Final Wishes for Mad Men

{Spoiler alert! If you’re not up to date on Mad Men, you don’t want to read this yet!}

Cancer sucks. Chemotherapy sucks. Radiation sucks. There seems to be pretty universal agreement about these matters. But the choices about whether, when, and how to pursue or forgo treatments are far more complicated. What type(s) of cancer? Where and how far spread? What are the chances of getting the cancer into remission? What is the life expectancy for that type of cancer? What does the quality of that life that’s left look like? As Betty Draper put it in the series penultimate episode poignantly on this Mothers’ Day, “and what would that year be like?”


What would you miss? What could you not bear to risk missing under any circumstances? What access to medical care do you have? What financial resources do you have? What social support resources do you have? Given the same diagnosis, would you choose the same path as Betty Draper? Does your family know what you would really want? How do they know? And what if they don’t agree with you or with one another?

Betty Draper didn’t win any awards for Mother of the Year. And in particular, her relationship with her daughter, her oldest child, is far from enviable. At best Betty was coldly indifferent and apparently annoyed by the practical daily burdens of parenting (despite having more paid help than most of us can imagine having). At worst she was cruel. In this second to last episode of the Mad Men series, it physically hurt to watch Betty glare and walk right past a stunned Sally who had come home to try to help after learning of her mother’s diagnosis.

After that brush, Sally reacts to her mother’s assertions that she will not pursue treatment by suggesting the reason is because Betty “love[s] the tragedy.” Clearly Sally’s sympathies have been dulled by a lifetime of other interactions with her mother. In that moment it is clear that Sally accepts Betty’s decision as final. Betty’s husband, Henry, however, is a politician who has worked hard to attain power and does not believe she should concede the fight so easily, challenging her, “What do you think would happen if Nelson Rockefeller got this?” to which Betty quickly replies, “He would die!” Alas, money and power can only buy so much.


In fact, it is Betty who shows true agency and command here. A few hours later Betty asserts her strength and independence to Sally explaining that knowing when to quit is not the same thing as being a quitter. Reminding Sally of having watched her own mother die, Betty promises not to force Sally to endure the same. Then Betty hands Sally an envelope saying, “These are instructions. Open it the minute you know I’m gone. [ ] Listen to me. Things happen very quickly when people die.”

Betty isn’t sticking her head in the sand refusing to hear or accept the devastating news. Instead, she is facing it with her signature dispassionate composure. Rather than spending her final days “as the battlefield for a futile war,” as John Teti for the AV Club so aptly put it, Betty chooses to follow her own path and do what she had always wanted to do instead. Before watching Betty head back to her college psychology class, we the viewer hear her final wishes voiced over in her detached monotone delivery:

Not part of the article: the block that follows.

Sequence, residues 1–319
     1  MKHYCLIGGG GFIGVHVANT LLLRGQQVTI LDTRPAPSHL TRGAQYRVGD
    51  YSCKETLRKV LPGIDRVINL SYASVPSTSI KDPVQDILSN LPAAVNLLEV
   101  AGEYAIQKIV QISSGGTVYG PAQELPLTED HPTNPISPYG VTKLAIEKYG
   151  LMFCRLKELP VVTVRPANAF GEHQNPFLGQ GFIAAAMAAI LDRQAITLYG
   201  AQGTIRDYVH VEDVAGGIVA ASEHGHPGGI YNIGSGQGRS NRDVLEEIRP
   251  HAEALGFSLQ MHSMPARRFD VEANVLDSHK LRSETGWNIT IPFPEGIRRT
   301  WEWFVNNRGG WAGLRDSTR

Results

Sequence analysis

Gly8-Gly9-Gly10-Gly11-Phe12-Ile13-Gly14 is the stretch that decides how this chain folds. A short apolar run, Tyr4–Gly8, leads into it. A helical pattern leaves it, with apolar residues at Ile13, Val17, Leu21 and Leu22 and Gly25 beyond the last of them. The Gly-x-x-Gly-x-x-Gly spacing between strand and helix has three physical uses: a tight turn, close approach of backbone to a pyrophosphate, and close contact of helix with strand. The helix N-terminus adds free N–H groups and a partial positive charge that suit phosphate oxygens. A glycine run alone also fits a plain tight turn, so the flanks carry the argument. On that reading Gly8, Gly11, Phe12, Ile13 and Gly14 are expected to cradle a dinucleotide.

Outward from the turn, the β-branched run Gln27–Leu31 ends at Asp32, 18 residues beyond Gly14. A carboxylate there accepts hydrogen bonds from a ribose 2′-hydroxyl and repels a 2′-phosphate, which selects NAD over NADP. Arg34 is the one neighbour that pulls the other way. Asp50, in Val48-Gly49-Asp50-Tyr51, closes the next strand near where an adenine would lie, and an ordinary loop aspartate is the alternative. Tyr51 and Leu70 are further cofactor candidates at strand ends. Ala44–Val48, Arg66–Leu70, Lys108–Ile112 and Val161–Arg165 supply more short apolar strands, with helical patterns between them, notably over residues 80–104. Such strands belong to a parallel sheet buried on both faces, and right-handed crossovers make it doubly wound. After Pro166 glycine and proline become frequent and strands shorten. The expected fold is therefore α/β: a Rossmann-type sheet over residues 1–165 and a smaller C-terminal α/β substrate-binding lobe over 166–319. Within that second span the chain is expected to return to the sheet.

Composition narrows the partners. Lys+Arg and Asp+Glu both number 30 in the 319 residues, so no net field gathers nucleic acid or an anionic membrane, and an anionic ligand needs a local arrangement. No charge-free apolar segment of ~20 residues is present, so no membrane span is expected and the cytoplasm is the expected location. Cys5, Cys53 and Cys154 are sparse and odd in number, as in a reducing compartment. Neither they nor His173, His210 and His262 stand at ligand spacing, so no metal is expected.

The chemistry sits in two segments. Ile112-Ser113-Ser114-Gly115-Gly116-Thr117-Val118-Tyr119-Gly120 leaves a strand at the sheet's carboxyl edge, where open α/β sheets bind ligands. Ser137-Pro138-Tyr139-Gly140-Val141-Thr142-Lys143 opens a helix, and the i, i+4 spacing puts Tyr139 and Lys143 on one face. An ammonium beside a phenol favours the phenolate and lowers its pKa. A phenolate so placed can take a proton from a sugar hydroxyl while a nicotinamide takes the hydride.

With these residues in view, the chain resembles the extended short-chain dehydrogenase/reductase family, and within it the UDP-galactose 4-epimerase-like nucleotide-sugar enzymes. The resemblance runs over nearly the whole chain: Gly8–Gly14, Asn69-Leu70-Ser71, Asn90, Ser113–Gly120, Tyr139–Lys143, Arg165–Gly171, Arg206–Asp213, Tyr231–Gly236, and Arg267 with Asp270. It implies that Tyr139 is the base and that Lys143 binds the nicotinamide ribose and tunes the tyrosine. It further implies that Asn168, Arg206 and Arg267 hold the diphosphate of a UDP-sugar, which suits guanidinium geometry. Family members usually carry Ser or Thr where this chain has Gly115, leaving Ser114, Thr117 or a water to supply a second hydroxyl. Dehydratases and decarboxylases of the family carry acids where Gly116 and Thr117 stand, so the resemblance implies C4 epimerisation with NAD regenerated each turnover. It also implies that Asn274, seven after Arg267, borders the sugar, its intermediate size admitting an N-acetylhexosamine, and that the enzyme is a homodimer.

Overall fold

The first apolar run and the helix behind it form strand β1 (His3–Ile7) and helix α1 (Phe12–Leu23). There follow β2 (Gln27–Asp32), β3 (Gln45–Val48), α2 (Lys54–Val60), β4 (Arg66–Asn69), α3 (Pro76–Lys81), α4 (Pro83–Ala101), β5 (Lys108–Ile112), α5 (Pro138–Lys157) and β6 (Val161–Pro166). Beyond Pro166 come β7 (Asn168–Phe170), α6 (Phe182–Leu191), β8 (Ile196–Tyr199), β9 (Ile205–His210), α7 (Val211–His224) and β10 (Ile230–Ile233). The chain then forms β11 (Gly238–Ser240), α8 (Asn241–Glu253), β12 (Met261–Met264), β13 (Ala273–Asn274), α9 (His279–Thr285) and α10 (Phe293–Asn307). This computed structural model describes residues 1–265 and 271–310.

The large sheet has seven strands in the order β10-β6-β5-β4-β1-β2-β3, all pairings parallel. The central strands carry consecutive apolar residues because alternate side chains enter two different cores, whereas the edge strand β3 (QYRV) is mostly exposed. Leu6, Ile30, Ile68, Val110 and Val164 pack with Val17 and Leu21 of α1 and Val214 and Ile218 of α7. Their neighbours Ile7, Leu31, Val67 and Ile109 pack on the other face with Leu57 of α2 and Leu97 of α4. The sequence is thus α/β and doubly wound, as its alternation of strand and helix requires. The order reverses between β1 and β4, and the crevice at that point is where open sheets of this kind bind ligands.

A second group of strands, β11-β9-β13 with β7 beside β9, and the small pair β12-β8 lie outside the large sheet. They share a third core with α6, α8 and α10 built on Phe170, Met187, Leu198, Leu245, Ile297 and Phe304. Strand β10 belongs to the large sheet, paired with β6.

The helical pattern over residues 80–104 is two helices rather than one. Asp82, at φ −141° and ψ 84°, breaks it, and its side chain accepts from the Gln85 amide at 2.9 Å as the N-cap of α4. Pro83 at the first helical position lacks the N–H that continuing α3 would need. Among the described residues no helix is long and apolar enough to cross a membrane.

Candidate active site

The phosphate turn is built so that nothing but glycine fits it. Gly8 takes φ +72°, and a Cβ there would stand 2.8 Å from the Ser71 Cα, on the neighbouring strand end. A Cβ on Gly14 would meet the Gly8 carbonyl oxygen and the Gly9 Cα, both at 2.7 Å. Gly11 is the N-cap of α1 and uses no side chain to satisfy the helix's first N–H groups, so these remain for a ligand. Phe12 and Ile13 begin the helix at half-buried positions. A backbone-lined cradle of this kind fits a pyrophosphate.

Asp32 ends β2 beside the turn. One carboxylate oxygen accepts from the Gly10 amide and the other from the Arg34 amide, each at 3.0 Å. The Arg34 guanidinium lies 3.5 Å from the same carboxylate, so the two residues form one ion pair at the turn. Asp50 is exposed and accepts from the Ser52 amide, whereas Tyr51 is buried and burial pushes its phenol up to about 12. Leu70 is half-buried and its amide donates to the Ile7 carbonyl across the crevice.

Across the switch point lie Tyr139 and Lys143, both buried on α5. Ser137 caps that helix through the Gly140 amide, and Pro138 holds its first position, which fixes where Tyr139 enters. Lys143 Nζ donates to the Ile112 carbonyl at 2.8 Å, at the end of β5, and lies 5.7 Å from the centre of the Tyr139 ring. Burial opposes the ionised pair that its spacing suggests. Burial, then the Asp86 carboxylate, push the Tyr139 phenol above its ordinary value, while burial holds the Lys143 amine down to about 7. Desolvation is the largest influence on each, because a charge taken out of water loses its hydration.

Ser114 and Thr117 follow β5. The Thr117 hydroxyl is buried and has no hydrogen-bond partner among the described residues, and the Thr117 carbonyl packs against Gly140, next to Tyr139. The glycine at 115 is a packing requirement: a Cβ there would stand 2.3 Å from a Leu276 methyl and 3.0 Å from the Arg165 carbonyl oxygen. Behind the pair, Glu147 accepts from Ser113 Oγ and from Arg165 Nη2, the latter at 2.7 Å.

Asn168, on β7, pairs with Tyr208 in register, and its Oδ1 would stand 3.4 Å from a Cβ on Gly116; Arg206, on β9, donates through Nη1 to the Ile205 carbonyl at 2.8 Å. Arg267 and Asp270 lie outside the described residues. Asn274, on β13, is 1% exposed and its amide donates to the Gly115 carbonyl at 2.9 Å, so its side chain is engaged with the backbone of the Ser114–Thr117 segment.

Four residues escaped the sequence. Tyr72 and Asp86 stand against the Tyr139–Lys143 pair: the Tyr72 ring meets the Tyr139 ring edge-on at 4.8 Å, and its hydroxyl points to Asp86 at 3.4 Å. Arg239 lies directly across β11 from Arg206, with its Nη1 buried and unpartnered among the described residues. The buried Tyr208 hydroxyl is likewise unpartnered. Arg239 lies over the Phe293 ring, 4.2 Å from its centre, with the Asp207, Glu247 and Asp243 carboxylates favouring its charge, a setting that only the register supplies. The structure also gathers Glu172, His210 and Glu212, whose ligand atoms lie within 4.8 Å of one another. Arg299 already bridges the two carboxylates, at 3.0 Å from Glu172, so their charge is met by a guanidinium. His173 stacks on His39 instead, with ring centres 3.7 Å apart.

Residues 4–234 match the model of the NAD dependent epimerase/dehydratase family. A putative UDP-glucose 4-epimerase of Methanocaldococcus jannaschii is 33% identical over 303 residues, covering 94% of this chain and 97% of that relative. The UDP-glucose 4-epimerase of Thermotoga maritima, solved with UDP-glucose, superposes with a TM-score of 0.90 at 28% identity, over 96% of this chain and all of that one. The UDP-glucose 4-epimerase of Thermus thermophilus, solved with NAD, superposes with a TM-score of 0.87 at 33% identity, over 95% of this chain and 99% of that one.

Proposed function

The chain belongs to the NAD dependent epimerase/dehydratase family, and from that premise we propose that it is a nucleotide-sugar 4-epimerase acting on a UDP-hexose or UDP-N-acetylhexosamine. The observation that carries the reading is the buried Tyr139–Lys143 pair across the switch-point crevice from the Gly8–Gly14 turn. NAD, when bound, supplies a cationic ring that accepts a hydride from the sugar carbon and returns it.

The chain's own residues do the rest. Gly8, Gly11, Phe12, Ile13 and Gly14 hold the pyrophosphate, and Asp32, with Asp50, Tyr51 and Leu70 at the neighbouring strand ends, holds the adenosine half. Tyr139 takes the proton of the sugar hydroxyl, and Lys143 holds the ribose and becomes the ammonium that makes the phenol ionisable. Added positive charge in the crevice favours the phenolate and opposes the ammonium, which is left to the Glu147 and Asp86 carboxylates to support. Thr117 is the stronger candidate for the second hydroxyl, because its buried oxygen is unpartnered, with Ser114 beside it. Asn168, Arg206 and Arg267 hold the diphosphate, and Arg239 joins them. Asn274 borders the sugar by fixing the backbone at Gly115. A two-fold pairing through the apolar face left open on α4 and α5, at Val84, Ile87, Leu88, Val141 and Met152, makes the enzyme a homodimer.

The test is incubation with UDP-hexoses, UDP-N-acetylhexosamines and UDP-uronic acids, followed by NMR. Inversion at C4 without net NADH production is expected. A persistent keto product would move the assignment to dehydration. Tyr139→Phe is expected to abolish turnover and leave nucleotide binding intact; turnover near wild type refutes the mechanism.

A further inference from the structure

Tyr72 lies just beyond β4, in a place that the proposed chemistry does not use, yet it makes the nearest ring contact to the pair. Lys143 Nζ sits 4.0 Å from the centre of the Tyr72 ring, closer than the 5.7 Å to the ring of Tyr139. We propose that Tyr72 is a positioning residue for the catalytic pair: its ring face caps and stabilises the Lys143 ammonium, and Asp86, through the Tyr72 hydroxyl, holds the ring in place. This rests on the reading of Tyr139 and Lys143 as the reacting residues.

“[ ] you must immediately tell the hospital and the funeral director that I’m to be interred intact in the family plot in West Laurel. Uncle William has the details from Grandpa Gene’s burial. I’ve also enclosed a portrait from the 1968 Republican Winter Gala. The blue chiffon I wore is my very favorite. I hung it in a gold garment bag in the hall closet beside the mink. Please bring them the lipstick from my handbag and remind them how I like to wear my hair. Will you show them the picture? [ ] I love you, Mom.”

Sally Draper reading Betty Draper's final wishes

Why did Betty choose to place that burden on her young daughter rather than on her powerful politician husband who has been the most stable force in her life in a long time? Betty explained to Sally, “Henry’s not going to be able to handle things.” And perhaps that letter helped Sally understand and begin to develop newfound compassion for her mother.

By memorializing your final wishes such as details surrounding your preference for burial or cremation, you can help ensure your surviving loved ones aren’t left wondering or debating it in your absence. And by writing a heartfelt letter to your loved ones, you can help explain why you made the choices you did, how you see yourself and your loved ones, and what you want them to remember about you. Because the courage it takes to sit down and actually write a letter like that is uncommon, I have another method I use to help my clients complete their estate plans with that most essential piece, memorializing who they are, what is important to them, and why they spent the time, energy, and money on a Will or Trust and estate plan at all. Because that is almost never something we do for ourselves; we do it for the people we love the most.

About Danielle G. Van Ess

Danielle G. Van Ess is a Massachusetts (born and raised), experienced estate planning and small business attorney who helps her clients protect and preserve what matters most to them. To learn more, please visit: or call: 781-740-0848